Michael Sauder, assistant professor of sociology at he University of Iowa, and Wendy Nelson Espeland, associate professor of sociology at Northwestern University, examined the impact of U.S.News‘ law school rankings. Surprise. Surprise. Their study shows that policy-makers try to influence rankings outcome. Their article "Rankings and Reactivity: How Public Measures Recreate Social Worlds," appeared in the July issue of the American Journal of Sociology and a recent press release summarized their findings. (The full article requires a subscription.)
What unintended consequences did the professors find?
- Reallocation of resources. Law schools invested in brochures to attract more applicants and improve their acceptance ratio by attracting more and more applications.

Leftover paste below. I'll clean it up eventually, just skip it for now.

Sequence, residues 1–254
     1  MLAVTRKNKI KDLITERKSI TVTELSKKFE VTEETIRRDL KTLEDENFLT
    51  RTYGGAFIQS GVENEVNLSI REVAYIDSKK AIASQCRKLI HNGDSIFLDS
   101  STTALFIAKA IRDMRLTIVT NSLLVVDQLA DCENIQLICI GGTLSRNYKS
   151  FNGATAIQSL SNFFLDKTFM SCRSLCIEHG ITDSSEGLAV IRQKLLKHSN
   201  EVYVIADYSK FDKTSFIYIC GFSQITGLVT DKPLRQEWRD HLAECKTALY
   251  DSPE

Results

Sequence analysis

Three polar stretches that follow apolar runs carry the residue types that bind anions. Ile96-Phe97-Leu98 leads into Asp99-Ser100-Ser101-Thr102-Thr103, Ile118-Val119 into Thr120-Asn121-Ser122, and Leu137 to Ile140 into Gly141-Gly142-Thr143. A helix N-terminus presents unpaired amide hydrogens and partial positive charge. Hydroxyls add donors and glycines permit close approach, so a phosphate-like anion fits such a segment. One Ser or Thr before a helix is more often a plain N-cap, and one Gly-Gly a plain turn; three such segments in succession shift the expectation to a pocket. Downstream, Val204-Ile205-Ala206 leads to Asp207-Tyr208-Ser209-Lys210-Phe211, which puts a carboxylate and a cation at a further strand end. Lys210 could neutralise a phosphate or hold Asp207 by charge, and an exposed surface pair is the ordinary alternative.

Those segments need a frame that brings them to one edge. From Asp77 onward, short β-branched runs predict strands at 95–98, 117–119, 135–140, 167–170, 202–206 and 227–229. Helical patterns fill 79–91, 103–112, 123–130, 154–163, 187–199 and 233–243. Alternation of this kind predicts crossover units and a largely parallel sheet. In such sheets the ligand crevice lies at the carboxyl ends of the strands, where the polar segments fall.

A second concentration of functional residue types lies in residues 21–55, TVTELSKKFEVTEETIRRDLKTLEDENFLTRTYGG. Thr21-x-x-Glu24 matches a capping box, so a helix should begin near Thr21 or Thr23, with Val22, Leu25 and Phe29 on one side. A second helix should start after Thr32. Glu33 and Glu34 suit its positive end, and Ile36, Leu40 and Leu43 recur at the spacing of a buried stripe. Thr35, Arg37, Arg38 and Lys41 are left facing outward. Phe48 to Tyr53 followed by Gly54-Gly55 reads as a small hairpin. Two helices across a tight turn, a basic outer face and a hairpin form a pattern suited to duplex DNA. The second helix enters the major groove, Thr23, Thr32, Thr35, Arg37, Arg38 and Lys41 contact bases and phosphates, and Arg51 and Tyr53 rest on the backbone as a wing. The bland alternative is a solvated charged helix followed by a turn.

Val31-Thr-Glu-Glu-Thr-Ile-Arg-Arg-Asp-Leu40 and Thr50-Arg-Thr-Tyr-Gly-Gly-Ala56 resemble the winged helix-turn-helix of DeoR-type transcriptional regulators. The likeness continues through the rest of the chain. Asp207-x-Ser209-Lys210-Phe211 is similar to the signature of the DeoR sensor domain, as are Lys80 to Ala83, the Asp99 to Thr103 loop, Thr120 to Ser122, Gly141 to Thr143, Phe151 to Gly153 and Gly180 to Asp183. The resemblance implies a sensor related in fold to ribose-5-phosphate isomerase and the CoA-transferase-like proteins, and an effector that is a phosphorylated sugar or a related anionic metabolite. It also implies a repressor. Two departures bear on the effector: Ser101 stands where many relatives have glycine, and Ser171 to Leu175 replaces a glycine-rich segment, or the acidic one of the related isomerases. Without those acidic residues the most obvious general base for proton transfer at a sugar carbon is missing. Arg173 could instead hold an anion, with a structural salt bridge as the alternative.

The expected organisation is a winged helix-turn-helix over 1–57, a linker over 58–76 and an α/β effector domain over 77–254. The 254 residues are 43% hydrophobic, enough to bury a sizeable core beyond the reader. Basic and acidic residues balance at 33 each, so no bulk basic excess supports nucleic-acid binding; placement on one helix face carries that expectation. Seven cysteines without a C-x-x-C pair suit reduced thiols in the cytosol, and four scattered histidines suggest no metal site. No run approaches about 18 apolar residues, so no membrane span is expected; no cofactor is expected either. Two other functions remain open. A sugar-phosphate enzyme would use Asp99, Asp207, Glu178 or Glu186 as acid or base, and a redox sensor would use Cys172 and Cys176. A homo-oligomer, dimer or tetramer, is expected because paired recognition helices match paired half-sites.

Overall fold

- Limit admissions flexibility. Admissions officers feel they have less discretion about which students they admit.
- Career service officials now spend inordinate amounts of following up on law school graduates to report employment rates which influence the rankings.
- Some manipulate the numbers in order to maximize their rank.
Again, applicants need to use the data in the rankings much more than the actual school rank. The latter is clearly flawed. While the schools "responsiveness" to student concerns may in some cases be a good development, there is no question that applicants put too much weight on the rankings.